Antoine-François Bertrand de Molleville

Comte Antoine-François Bertrand de Molleville (25 October 1744, Toulouse – 19 October 1818, Paris) was a French politician.

He was considered a fiery partisan of royalty, and surnamed the enfant terrible of the monarchy. He was first conseiller to the Parlement de Toulouse in 1766, then maîtres des requêtes in 1774 and finally Intendant de Bretagne, in 1784. Bertrand de Molleville was then charged in 1788 with the difficult task of dissolving the Parliament of Brittany. Favourable to the gathering of the estates general in 1789, he advised Louis XVI after the dissolution of the Assemblée. Made ministre de la Marine et des Colonies from 1790 to 1792, he organised the mass emigration of officers. Due to numerous denunciations, he retired from his functions and became chief of the royal secret police. Before and after the 10 August 1792, he tried to organise an escape for the king, but he was eventually forced to resolve to flee to England himself. Despite his dedication and his friendship for, he was one of his most untalented servants.[1]




Antoine-François Bertrand de Molleville was received as a conseiller to the Parlement de Toulouse in 1766.

His secretary was Bernard François Balssa, father of Honoré de Balzac, still in de Moleville's service in 1771.

Antoine-François Bertrand de Molleville served his apprentice in the school of minister Maupeou. He was maîtres des requêtes in 1774.[2]

In 1775 Bertrand de Molleville defended the memoir of his ancestor chancellor Jean Bertrand, seigneur de Frazin,[3] attacked by Condorcet in his Éloge du chancelier de L'Hôpital, but he only published this apology after having communicated it to Condorcet lui-même.[4]

Antoine-François Bertrand de Molleville was made Intendant de Bretagne in 1784.

Intendant de Bretagne (1784-89)Edit

Brittany in 1789

Minister for the Fleet and the ColoniesEdit

"Louis XVI gave France a powerful fleet, but in 1791 it was completely disorganised[5]

The Royalist secret policeEdit

Arnaud de Laporte

After the day of 10 August 1792Edit

Bertrand de Molleville made several plans for the king's escape.

On his death in 1818 he was buried in the church of Ponsan-Soubiran.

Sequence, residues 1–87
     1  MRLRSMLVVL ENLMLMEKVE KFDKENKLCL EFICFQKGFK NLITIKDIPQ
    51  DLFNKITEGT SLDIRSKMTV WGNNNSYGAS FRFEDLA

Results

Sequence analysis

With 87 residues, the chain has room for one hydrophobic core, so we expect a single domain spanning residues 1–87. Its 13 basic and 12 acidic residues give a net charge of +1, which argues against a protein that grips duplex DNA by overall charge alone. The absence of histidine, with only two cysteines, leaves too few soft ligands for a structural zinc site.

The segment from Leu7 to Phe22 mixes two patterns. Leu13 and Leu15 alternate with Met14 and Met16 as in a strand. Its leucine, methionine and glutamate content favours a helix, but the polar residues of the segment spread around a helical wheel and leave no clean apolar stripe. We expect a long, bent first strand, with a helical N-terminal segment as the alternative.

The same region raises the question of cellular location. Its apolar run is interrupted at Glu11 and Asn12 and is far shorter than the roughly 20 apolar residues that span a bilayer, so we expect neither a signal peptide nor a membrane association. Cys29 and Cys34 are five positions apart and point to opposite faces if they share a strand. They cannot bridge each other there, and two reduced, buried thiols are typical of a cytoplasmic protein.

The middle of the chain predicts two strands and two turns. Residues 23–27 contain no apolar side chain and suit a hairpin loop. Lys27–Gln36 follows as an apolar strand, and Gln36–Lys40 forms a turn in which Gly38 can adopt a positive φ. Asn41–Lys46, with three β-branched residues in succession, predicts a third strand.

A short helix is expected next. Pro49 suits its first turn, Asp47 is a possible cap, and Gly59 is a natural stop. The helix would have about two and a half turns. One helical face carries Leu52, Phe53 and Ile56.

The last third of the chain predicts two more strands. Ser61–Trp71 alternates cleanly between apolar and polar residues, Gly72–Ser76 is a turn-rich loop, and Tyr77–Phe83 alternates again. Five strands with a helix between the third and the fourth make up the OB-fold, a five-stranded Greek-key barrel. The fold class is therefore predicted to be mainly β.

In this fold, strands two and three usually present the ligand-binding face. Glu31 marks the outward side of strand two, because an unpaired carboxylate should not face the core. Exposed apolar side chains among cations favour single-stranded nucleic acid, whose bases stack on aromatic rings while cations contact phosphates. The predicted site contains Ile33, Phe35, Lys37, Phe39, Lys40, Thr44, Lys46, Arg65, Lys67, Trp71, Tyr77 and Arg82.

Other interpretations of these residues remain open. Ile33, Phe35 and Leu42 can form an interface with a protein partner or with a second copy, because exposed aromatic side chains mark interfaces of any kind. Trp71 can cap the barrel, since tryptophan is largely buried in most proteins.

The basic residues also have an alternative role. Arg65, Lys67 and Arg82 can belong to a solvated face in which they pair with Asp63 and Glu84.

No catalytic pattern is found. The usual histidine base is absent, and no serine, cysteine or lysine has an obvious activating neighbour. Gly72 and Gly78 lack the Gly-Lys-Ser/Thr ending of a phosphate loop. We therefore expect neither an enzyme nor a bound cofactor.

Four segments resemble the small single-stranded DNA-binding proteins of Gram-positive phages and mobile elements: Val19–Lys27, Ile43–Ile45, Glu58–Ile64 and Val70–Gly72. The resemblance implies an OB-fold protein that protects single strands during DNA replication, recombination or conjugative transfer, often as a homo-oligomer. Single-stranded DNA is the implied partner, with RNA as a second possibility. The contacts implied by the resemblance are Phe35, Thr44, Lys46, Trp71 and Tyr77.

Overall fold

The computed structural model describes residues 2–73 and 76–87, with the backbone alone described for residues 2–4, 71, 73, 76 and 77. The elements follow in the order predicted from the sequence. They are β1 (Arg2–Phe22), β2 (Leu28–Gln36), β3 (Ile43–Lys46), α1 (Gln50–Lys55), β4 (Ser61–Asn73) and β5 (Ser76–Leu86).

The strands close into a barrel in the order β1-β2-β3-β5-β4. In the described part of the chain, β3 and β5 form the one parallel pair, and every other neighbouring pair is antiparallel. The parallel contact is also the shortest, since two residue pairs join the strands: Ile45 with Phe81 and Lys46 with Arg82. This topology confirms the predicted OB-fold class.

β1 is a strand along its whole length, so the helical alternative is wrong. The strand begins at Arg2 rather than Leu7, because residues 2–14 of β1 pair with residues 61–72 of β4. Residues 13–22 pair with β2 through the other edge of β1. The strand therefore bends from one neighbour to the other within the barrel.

• Histoire de la Révolution française by Jules Michelet
  • Lapeyre et Rémy Scheurer, Les notaires et secrétaires du roi sous les règnes de L. XI, Ch. VIII et L. XII (1461–1515), Tome 2. Paris, 1978, in-4, 91 tablx, B.n.F. : 4° L45. (4-II)
  • Gustave Louis Chaix d'Est-Ange, Dictionnaire des familles anciennes ou notables à la fin du XIXe siècle, Évreux, 1903–1929, 20 vol. in-8, e, tome : 4, p. 148 et suivantes, B.n.F. : 8° Lm1. 164
  • Jules Villain, La France moderne, tome : 3, B.n.F. : 4° Lm1. 180
  • Le Père Anselme, Histoire de la maison royale de France et des grands officiers de la couronne, 3e éd. Paris, 1726–1733, 9 vol. in-fol, tome : 6, B.n.F. : Fol. Lm3. 398.
  • Marquis d’Aubais, Pièces fugitives pour servir à l’histoire de France, Paris, 1759, 2 vol. in-4 (t. I, 2e partie, et t. II), tome : 2, B.n.F. : 4° L46. 11,
  • Waroquier de Combles, État de la France, ou les vrais marquis, comtes..., Paris, 1783–1785, 2 vol. in-12, tome : 2, 168-9, B.n.F. : 8° Lm1. 34
  • Waroquier de Combles, Tableau généalogique et historique de la noblesse, Paris, 1786–1789, 9 vol. in-12, tome : 5, B.n.F. : 8° Lm1. 38


  1. ^ Dictionnaire de la conversation et de la lecture inventaire raisonné des ..., de William Duckett, p.98.
  2. ^ BALZAC and the vallée du VIAUR.
  3. ^ Biographie nouvelle des contemporains, d'Antoine-Vincent Arnault, p.448.
  4. ^ France, dictionnaire encyclopédique, de Philippe Le Bas, p.472, and Biographie nouvelle des contemporains, de Antoine-Vincent Arnault, p.448.
  5. ^ Ferstel, Louis. Histoire de la responsabilité criminelle..., p.54

External linksEdit

Political offices
Preceded by
Claude Antoine Valdec de Lessart
Minister of the Navy and the Colonies
7 October 1791 – 16 March 1792
Succeeded by
Jean de Lacoste

This article incorporates text from a publication now in the public domainWood, James, ed. (1907). "article name needed". The Nuttall Encyclopædia. London and New York: Frederick Warne.